It’s importing capability is great (copying most details from my old Nokia) and it makes a great job of integrating contacts from multiple sources (Mobile phone, Google address book, Facebook etc.).
Any bad points?
There’s a few things that can be improved. My biggest gripe is the Market place, but I’ll come onto that in a minute.
The battery life is not particularly good, but that’s due to the number of things it’s doing in the background. It’s searching and using WiFi (Internet access at home), Bluetooth (hands-free), 3G (high speed mobile network access), 1G/2G mobile phone signals (when 3G is not available). It uses that to provide realtime feeds from social networking and show the current and future weather and various other things. I’ve also been hitting it with the odd web access / check on my social networks and taking photos etc. Many of the features can be switched off to conserve battery life, but at the loss of some functionality (until turned back on again). At the moment I’m happy with charging every couple of days, but if I use it whilst away from a charger for an extended period then it’s time to start turning some services off.
I also find the picture messaging infuriating. I think it may be down to the service provider. I never had any problems with a pre-smartphone Nokia on Orange, but since moving to the HTC Wildifre on Virgin I know get a text with a Link which means that I have to go to a website to view the picture. Not only that but the website gives me an error because I’m not using Internet Explorer (although it’s still usable just). There can be no excuse for such a poor capability on such a powerful phone with 3G access and a service provided by a mobile phone provider, but I also get a similar thing with my Blackberry on O2. Perhaps it’s the mobile phone companies that don’t know how to keep up with the technology they are selling. How can I interact in real time with the social network sites and even watch videos over the Internet via youtube, but can’t receive a simple photo sent from another identical phone on the same network. VirginMobile get your act together with picture messaging – please!
What were you saying about the MarketPlace not being any good?
Actually that’s not what I said. I think the Market Place is good, it’s just not in with the community Free software ethos that the operating system is. The market place is a great way to install software with a few clicks. Well I say great – Linux has had something similar for years (mainly for free software), but it was a big new thing when Appled added something similar to the iPhone along with a way of charging money for software.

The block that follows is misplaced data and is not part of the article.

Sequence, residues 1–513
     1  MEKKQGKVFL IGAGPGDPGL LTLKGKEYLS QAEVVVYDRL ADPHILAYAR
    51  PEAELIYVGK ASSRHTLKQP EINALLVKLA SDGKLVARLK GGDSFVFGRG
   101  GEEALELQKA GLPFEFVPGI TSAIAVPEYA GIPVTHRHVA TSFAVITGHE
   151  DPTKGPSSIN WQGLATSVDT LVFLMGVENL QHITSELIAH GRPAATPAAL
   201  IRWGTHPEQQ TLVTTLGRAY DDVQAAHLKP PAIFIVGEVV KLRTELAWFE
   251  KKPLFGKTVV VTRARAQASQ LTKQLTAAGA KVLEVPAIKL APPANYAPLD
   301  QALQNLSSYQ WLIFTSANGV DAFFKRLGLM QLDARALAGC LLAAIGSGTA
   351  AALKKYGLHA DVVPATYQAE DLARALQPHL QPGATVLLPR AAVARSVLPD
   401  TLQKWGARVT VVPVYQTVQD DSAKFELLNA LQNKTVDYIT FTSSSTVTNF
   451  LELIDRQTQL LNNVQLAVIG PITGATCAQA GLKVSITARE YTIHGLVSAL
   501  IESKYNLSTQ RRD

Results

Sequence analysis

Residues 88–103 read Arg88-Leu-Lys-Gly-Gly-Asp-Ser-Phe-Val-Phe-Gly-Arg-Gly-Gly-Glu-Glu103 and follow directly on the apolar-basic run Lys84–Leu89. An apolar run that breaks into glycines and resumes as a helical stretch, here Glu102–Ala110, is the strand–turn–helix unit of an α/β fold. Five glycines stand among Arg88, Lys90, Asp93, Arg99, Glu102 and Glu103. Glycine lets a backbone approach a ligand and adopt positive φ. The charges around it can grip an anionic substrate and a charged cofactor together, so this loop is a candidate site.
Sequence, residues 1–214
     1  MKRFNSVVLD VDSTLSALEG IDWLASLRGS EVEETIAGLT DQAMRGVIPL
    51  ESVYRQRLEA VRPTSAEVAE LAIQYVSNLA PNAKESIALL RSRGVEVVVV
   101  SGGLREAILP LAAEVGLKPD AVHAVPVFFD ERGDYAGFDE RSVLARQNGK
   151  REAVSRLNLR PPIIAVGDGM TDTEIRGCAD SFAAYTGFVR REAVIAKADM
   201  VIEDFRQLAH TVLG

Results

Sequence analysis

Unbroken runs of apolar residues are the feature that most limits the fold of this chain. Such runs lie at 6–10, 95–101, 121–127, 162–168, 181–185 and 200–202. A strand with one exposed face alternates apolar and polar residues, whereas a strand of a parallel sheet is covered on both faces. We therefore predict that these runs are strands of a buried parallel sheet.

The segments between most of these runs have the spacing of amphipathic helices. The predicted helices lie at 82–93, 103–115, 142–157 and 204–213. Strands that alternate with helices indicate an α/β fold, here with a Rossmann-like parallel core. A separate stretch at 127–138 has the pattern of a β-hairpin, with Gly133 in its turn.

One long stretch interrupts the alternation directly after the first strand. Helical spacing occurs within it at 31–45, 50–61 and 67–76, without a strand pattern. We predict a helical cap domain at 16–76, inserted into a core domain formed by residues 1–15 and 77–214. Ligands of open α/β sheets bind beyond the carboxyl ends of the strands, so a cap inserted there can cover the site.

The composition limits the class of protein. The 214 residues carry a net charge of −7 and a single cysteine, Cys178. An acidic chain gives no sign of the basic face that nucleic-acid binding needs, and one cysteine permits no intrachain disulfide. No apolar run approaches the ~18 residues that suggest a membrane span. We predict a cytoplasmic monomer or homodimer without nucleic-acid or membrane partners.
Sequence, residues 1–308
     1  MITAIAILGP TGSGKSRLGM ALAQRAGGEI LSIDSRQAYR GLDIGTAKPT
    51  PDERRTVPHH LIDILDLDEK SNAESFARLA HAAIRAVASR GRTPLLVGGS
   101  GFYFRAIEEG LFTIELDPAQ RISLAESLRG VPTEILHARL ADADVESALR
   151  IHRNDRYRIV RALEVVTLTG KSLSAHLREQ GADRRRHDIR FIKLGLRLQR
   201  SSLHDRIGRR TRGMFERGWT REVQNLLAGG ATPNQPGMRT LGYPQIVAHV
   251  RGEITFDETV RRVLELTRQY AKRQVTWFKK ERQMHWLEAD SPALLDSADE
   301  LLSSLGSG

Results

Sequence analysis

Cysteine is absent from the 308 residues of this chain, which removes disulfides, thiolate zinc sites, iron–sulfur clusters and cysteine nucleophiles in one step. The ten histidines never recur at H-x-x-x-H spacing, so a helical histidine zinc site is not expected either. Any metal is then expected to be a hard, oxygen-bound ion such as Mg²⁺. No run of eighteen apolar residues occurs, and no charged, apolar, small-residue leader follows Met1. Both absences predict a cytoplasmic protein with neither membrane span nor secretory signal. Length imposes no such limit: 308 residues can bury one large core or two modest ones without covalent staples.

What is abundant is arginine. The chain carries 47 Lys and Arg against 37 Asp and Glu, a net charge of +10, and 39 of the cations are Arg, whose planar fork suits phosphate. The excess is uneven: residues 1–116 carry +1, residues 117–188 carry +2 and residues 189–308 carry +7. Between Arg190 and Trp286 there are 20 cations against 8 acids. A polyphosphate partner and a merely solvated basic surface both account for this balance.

For most users you just click on the market place icon, choose an application, pay (if appropriate) and then it downloads and installs to the phone. You can even click install on the application on the Android Market website and it gets installed to the phone (as if by magic).
The gripe I have is that it doesn’t distinguish between Free (as in Freedom) software and non-free software. It does split software into free (as in money) vs. pay-for software, but I want to know whether the software is truly Free. I don’t get too hung-up about whether software is Free but I like to investigate what Free software is available before I install something that is proprietary (whether there is a charge or not). I will still consider purchasing software in certain circumstances, but I think more should be done to encourage Free software to be available and identifiable. I think this is one way that Google’s commercial interests cast a shadow on the Free operating system.
Not that I’m having a go at Google. I guess they have to make their money somewhere, and what they contribute through providing a Free and Open Source operating system is in a completely different league to the likes of Apple and Microsoft. Whilst there are other SmartPhone operating systems based on Linux / Free Open Source software (eg. MeeGo, LiMo, webOS, Maemo), Google is the one company that has managed to make a Linux Mobile Phone operating system that works, works well and it is truly a pleasure to use – that operating system is Android.
So you like it then?
I certainly do. I was not really that bothered about getting a new smartphone, but now I’ve got one I don’t know why I left it so long. Actually I do it’s because the handset finally reached a low enough “pay monthly” cost that it was worth switching, but that’s a different story. Android is a great operating system and has the ability to make Linux and Free software available to a group of users that don’t care about what is running under the covers or the Freedoms that it brings with it.
I think they should care, but if they don’t then that’s their choice and they are free to have their own opinions – that’s what freedom is all about.
A great operating system for smart mobile phones.
At the time of writing it appears that Android has now taken the lead as the most popular smartphone operating system in the US and it looks set to gain in popularity.
1 – Based on number of hits in a Google Search on keywords “Review HTC Wildfire”*
2 – Based on number of hits in a Google Search on keywords “Review Android”*
3 – Based on number of hits in a Google Search on keywords “review android linux freedom gpl”*
* – These searches will include duplicates and sites using those same words in a different context